President Joe Biden traveled to Minnesota Wednesday to kick off a series of events by the administration aimed at connecting with rural America, a visit to the home state of a political rival where he will appeal to a voting bloc often ignored by Democrats.
During a visit to a family farm in Northfield, Minnesota, Biden announced “over $5 billion in new investments from his Investing in America agenda – including the Bipartisan Infrastructure Law and the Inflation Reduction Act – to advance rural prosperity, economic development, competition, and sustainability,” which the White House previewed prior to the visit.
The investment includes funding for climate-smart agriculture techniques, rural infrastructure awards, rural economic development projects, an expansion of high-speed internet infrastructure and other efforts to boost access to renewable energy and lower energy costs, the White House said.
Speaking from Dutch Creek Farm, Biden lauded the investment in rural communities from the Bipartisan Infrastructure Law.
“It’s about basic fairness. Right now, the farmers and ranchers who actually grow the food only see a small percentage of the profit when the food is sold,” Biden said. “…So we’re strengthening local food systems so rural communities have better access to affordable, locally grown food, so the farmers who provide that food actually benefit through the Bipartisan Infrastructure Law. It’s a fancy name, but it’s about rebuilding America’s bridges, roads, highways, etc.”
He called on Congress to continue funding the infrastructure law programs that assist with things like high speed internet in rural communities.
“We need your help – that program’s running out of funds. I sent Congress requests for more funding, and they should act now act on it now,” he said.
The choice of Minnesota to kick off the rural outreach is notable; Biden was in the home state of Rep. Dean Phillips, who recently announced a long-shot presidential primary campaign against the president.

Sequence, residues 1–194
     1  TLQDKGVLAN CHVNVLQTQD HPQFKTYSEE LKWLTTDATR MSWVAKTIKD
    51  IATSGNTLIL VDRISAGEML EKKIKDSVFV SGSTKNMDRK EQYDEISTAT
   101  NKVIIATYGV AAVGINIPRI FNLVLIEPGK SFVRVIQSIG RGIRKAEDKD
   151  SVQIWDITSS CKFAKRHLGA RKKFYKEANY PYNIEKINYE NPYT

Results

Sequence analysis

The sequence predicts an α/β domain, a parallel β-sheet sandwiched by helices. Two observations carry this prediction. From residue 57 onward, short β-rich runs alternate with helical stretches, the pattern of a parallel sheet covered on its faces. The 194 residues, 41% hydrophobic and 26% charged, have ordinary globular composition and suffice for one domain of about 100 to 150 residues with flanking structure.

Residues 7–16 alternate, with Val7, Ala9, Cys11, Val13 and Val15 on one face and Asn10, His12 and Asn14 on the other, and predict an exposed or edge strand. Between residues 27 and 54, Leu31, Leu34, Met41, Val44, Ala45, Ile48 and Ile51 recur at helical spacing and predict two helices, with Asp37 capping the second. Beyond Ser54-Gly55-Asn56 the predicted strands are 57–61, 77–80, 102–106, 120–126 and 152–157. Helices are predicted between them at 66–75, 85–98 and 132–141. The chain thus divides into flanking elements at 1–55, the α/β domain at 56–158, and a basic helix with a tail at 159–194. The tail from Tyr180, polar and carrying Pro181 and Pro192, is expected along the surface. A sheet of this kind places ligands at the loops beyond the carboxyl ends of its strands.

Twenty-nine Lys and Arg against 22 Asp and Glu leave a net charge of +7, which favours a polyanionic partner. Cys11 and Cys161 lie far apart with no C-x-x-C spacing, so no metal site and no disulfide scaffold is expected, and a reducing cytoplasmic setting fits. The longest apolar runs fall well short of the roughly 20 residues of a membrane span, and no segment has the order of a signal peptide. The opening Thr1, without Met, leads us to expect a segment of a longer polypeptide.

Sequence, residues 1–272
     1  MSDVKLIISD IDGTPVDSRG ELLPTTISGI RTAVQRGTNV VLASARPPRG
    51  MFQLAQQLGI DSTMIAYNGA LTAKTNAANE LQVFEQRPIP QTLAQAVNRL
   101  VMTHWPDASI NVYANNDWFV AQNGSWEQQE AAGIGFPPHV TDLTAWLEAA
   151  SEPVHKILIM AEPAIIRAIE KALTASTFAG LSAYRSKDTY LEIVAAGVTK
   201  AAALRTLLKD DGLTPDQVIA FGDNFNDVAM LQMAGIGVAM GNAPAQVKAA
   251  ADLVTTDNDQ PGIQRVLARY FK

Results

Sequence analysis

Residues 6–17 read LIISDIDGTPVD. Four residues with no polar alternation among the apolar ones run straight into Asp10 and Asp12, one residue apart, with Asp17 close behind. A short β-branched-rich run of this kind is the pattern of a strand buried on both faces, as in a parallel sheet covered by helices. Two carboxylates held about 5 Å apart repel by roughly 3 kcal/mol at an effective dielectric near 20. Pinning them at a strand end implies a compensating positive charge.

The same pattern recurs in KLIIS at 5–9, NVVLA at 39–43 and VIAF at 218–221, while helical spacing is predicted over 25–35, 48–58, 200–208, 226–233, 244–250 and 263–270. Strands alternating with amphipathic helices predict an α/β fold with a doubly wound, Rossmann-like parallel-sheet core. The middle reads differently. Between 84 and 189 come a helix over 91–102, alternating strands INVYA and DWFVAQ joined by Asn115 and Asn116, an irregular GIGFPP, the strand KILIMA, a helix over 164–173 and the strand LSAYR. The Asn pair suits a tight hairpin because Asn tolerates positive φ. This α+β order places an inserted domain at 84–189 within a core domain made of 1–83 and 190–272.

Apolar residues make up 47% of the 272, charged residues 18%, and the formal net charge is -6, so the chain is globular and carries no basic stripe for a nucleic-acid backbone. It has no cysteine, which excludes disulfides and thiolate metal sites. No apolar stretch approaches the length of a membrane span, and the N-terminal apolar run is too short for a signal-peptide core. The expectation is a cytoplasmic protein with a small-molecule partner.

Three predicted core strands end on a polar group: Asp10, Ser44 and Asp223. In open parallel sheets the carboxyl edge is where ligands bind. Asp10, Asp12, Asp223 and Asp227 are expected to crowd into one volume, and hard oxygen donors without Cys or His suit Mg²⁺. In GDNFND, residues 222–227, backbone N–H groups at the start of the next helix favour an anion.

Over the next two weeks, Biden, Cabinet members and other senior officials will travel across the country as part of this event series, the White House said.
Biden’s message in these rural parts of the country, the White House said, is that “rural Americans do not have to leave their hometowns to find opportunity.”
Biden is also set to attend a campaign fundraiser in Minneapolis later Wednesday.
The trip comes amid inflamed tensions as Israel launches deadly strikes in Gaza. There has been frustration in the Muslim American community over the White House’s handling of the conflict between Israel and Hamas, and Minnesota has a sizable and growing Muslim population.
Biden addressed the suffering of Palestinians, promising to continue to press Israel to adhere to international laws protecting civilians in conflict and to push for increased aid to Gaza. He also touted the opening of the Rafah gate to wounded Palestinians and foreign nationals.
“Israel has the right to respond and a responsibility to defend its citizens from terror. And it needs to do so in a manner that is consistent with international humanitarian law, that prioritizes protection of civilians,” Biden said. “We’ve all seen the devastating images from Gaza, Palestinian children crying out for lost parents.”
Minnesota is home to the largest Somali population in the US. The state elected the first Muslim member of Congress, former Democratic Rep. Keith Ellison in 2006, and he was succeeded by one of the first two female Muslim members of Congress, Rep. Ilhan Omar, also a Democrat.
Omar, who represents a district that includes parts of Minneapolis, is among a group of progressive Democrats in the House calling for a ceasefire and has been vocally critical of Israel.
“Make no mistake: these human rights abuses are being carried out with U.S. weapons, U.S. funding, and with ‘no red lines.’ And now we are set to vote on an additional $14 billion with no restrictions or conditions. The United States Congress should not fund violations of U.S. and international law,” she said in a post to the social media platform X following a strike on Gaza’s largest refugee camp this week.
And Ellison, who is now Minnesota’s attorney general, was present at a private meeting last week where a group of Muslim-American leaders told Biden he and his administration needed to show more empathy toward Palestinian lives and pushed back on his comment this week casting doubt on civilian death figures in Gaza provided by the health ministry there, according to two of the attendees. The meeting, described as frank and productive, also included calls for a ceasefire in Gaza.
This headline and story have been updated with additional developments.
CNN’s Kevin Liptak contributed to this report.
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